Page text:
Exercise could be the answer to better sleep as people who work out more are less likely to need sleeping pills, according to new research.
“The beneficial effect of exercise is stronger for men than for women,” say scientists.
The study shows that 10 to 20 percent of the population suffer from serious long-term sleep problems, leading many to resort to some form of sleeping aid to get by.
However, researchers believe that exercising could be a better solution. Dr. Linda Ernstsen, an Associate Professor at the Norwegian University of Science and Technology, said: “We’ve observed that people who are in better physical condition have a lower risk of taking prescription sleeping pills.”
The findings, published by Mayo Clinic Proceedings, show that the fittest men had a 15 percent lower risk of needing drugs to help them sleep. Women who exercised regularly were only five percent less likely to need sleeping drugs.
“The corresponding percentage risk for the fittest women was much lower. But women who struggle with sleep can still benefit from getting in better shape,” said Dr. Ernstsen.
The team reviewed data from Norway’s large Trøndelag Health Survey.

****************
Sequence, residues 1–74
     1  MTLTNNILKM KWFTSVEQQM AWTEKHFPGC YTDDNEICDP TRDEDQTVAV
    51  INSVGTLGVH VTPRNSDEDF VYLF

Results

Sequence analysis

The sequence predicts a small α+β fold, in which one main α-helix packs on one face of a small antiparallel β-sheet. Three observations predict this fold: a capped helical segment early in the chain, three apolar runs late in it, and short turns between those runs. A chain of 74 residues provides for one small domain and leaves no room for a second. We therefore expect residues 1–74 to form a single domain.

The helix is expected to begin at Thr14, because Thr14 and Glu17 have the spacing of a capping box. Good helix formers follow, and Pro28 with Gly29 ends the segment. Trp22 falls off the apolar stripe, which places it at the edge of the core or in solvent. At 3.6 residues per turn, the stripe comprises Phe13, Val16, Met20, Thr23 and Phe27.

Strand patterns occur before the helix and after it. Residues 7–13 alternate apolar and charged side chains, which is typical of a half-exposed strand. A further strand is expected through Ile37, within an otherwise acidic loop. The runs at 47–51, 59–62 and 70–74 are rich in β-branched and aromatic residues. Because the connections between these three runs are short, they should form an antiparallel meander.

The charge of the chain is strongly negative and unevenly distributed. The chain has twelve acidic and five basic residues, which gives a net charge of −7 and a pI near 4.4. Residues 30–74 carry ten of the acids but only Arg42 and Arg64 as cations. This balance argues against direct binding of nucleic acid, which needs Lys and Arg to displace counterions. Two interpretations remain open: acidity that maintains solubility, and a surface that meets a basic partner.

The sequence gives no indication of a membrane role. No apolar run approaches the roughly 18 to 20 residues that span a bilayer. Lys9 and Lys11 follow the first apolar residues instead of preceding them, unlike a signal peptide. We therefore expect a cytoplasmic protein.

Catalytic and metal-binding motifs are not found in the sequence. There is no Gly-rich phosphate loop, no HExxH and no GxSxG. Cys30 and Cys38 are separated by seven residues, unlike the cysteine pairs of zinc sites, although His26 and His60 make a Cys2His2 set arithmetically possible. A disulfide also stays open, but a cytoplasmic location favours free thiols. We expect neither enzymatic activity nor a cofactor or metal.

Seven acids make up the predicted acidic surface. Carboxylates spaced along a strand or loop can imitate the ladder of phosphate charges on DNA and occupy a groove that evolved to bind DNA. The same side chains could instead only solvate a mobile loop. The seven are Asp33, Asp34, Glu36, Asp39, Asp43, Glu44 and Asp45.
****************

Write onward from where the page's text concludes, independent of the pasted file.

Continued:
A total of 240,000 people from Trondheim, Norway, have taken part in the survey since it began in 1984. Four survey rounds have been carried out to date.
The research team gathered the data from 34,357 participants who took part in the third Trøndelag Health Study from 2006 to 2008.
The participants, who had an average age of just over 51, were all observed until January 1, 2018.
The survey allowed researchers to follow the evolution of people’s health over many years.
They found that around 17 percent of the participants’ sleep issues were serious enough to warrant a prescription from their doctor.
“Almost 5,800 of the participants received their first prescription sleep medication during the study period,” said Dr. Ernstsen.
However, the fitter participants used fewer of these prescription drugs.
The research team hopes these findings influence the sleep advice that doctors give their patients.
Dr. Ernstsen added: “Our findings support the idea that improving or maintaining fitness can be an effective alternative for preventing sleep problems.”
Produced in association with SWNS Talker
Edited by Priscilla Jepchumba and Judy J. Rotich
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